- This event has passed.
Kate Spanos presentation at ICTM 2019
July 16 @ 11:00 am - 12:30 pm
Kate Spanos will present her paper, “Carnivalesque Improvisation in Frevo, a Dance of Resistance from Recife, Brazil” at the annual International Council for Traditional Music (ICTM) conference in Bangkok, Thailand on Tuesday, July 16. Her paper is part of the conference theme, “Music and Dance as Expressive Communication.” More information about the conference can be found here: http://www.ictm2019thailand.com.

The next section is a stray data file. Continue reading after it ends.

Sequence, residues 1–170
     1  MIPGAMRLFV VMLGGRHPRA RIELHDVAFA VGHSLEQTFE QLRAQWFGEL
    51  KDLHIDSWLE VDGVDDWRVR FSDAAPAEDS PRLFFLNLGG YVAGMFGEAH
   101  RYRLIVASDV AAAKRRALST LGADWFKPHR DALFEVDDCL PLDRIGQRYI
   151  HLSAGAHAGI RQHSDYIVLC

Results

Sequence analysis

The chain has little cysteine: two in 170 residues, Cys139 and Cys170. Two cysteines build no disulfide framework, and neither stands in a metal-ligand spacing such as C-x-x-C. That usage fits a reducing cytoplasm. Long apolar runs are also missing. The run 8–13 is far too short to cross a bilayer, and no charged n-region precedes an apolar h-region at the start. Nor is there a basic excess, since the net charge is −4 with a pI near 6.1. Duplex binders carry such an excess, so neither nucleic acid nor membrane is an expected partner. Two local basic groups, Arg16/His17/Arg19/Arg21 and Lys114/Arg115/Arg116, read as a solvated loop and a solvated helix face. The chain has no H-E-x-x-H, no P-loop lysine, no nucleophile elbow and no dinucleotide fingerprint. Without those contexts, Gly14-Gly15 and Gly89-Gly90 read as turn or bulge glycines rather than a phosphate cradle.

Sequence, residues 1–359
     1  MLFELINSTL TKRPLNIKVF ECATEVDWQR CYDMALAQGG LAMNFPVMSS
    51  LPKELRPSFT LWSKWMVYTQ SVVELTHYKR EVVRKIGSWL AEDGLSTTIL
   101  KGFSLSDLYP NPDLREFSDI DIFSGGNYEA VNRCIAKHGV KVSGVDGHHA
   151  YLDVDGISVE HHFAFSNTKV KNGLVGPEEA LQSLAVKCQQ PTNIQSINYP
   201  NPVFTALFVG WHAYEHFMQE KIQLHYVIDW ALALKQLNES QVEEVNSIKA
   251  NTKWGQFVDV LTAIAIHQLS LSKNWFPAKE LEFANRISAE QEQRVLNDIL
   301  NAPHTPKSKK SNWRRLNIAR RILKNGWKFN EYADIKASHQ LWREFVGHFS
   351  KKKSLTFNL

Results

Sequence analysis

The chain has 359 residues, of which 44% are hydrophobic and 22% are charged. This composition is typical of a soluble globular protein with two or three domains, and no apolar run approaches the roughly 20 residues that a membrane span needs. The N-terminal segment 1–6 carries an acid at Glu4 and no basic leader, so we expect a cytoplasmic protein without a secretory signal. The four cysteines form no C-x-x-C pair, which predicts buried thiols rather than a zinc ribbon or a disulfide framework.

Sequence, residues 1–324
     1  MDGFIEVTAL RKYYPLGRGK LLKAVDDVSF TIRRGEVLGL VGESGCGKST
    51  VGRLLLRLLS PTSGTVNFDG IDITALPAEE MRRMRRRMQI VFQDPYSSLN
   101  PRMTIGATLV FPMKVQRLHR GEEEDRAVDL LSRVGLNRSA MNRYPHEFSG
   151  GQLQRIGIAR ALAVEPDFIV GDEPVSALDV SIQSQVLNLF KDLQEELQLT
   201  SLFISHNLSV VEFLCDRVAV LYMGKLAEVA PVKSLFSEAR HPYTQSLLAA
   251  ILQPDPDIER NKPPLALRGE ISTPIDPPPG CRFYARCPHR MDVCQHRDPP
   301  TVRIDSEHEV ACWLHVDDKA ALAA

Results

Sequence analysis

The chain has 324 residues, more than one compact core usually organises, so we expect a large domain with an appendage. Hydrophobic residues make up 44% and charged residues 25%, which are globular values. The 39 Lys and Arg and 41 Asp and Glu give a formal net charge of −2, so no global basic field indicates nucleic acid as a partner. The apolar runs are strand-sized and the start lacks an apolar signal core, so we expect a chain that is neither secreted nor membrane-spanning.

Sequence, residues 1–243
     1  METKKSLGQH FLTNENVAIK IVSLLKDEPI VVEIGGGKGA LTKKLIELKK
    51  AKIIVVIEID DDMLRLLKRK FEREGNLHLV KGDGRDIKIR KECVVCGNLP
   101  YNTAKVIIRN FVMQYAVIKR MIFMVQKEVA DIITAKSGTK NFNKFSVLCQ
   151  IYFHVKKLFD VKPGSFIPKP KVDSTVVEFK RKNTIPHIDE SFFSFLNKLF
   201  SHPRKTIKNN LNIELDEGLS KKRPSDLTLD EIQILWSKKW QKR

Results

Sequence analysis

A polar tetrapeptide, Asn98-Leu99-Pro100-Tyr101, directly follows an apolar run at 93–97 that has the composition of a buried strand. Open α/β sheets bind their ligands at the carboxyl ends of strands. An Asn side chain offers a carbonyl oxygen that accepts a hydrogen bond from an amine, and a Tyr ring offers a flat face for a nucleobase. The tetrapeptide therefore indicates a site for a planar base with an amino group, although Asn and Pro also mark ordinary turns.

Frevo is an energetic music and dance that symbolizes Brazil’s northeastern state of Pernambuco: loud brass instruments provide the fast-paced music and dancers in bright costumes hold small colorful umbrellas as they perform acrobatic feats, dropping to their knees before springing up into high airborne splits. The word frevo is a colloquial form of the Portuguese verb ferver (“to boil”) that alludes its frenetic nature and the hot, sweaty Carnival during which it is danced. Frevo comes from Recife, the capital of Pernambuco, and its neighboring city, Olinda, and it is an emblem that represents a regional variation on Brazilian national identity. In this presentation, I will present detailed ethnographic research based on six months of fieldwork in Recife to examine how frevo is a “dance of resistance” and implements strategies that derive from its origins in the Brazilian martial art of capoeira. I consider frevo to be a dance of resistance because it narrates, through both sound and movement, complex notions of identity that contribute to individual and collective expression, social empowerment, and the valuation of popular culture. In considering how frevo’s playful and carnivalesque nature combines with its improvisational techniques, I propose the term “carnivalesque improvisation” to describe how dancers use improvisational strategies to communicate cultural knowledge and to work through and around the unpredictability and frequent violence of Carnival and Recife’s society at large. I will present a nuanced ethnochoreologial examination of the teaching methodologies and performance strategies of selected frevo groups, performers, and choreographers to show how practitioners use improvisational strategies of resistance to challenge sociocultural boundaries and socioeconomically determined attitudes.